Complex Harmony: Rethinking the Virtue-Continence Distinction.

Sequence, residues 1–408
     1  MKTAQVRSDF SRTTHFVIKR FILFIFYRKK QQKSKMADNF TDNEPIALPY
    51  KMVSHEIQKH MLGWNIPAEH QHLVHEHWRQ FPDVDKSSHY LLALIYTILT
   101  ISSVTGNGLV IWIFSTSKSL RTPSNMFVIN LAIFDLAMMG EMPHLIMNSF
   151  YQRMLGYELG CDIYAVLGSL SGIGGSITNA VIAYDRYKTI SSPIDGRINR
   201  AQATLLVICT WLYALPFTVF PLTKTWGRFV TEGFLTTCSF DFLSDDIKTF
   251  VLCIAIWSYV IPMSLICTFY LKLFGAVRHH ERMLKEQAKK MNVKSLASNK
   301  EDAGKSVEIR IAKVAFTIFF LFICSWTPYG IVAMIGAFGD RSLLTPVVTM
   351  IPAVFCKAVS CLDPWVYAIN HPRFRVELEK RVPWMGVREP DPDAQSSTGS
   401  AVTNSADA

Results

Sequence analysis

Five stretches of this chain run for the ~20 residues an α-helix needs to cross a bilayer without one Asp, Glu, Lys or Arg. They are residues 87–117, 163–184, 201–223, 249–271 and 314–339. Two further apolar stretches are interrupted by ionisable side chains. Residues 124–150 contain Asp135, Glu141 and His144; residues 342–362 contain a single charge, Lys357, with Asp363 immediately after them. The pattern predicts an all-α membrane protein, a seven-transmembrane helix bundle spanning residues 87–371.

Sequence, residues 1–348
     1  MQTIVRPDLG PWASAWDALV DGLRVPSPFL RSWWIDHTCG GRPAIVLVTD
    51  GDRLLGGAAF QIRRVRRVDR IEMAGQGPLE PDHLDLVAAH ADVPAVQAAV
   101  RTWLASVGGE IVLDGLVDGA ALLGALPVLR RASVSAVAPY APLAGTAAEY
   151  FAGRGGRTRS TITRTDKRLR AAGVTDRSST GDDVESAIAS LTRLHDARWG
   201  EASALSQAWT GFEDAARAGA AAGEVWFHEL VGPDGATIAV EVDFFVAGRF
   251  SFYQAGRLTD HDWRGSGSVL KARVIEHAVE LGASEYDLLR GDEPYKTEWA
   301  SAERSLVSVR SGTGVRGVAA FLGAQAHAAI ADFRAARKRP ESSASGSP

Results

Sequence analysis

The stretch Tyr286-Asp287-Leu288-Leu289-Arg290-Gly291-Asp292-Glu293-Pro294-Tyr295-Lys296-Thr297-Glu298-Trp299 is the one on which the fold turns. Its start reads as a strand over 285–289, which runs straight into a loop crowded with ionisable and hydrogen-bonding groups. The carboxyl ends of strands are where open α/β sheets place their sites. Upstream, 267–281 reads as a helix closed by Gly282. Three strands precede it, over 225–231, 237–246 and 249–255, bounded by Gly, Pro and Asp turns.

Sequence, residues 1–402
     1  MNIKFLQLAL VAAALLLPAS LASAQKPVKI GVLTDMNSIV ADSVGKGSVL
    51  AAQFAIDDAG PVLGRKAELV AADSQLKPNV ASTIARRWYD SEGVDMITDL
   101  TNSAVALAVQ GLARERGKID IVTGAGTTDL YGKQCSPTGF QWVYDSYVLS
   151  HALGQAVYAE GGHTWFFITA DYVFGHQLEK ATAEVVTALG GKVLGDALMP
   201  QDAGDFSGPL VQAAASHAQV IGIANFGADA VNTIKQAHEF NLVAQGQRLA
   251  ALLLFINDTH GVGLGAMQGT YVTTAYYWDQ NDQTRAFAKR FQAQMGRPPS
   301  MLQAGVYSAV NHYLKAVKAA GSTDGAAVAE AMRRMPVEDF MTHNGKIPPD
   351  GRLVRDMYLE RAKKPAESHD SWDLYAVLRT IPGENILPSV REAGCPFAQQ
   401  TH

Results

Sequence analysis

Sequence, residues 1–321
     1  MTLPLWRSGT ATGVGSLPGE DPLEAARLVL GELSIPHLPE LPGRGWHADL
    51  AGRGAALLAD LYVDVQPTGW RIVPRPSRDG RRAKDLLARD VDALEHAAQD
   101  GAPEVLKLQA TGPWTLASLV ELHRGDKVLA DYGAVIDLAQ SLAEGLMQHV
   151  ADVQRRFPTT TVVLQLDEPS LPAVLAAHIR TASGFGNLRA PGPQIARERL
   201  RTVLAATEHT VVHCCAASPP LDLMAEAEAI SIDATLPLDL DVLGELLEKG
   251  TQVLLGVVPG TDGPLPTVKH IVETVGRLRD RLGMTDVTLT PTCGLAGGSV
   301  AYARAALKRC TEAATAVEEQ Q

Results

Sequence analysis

Abstract: In the Aristotelian tradition, the psychological difference between virtue and continence is commonly understood in terms of inner harmony versus inner conflict. Virtuous agents experience inner harmony between feeling and action because they do not care to do other than what their circumstances call for, whereas continent agents feel conflicted about doing what is called for because of competing concerns. Critics of this view argue, however, that when the circumstances require sacrificing something of genuine value, virtuous agents can indeed feel conflicted about acting well. But if this is so, what differentiates virtuous from merely continent agency? This essay argues that the traditional distinction conflates two aspects of virtue as well as two species of continence. And distinguishing between them provides resources for making sense of the complex relationship between inner conflict and good moral agency.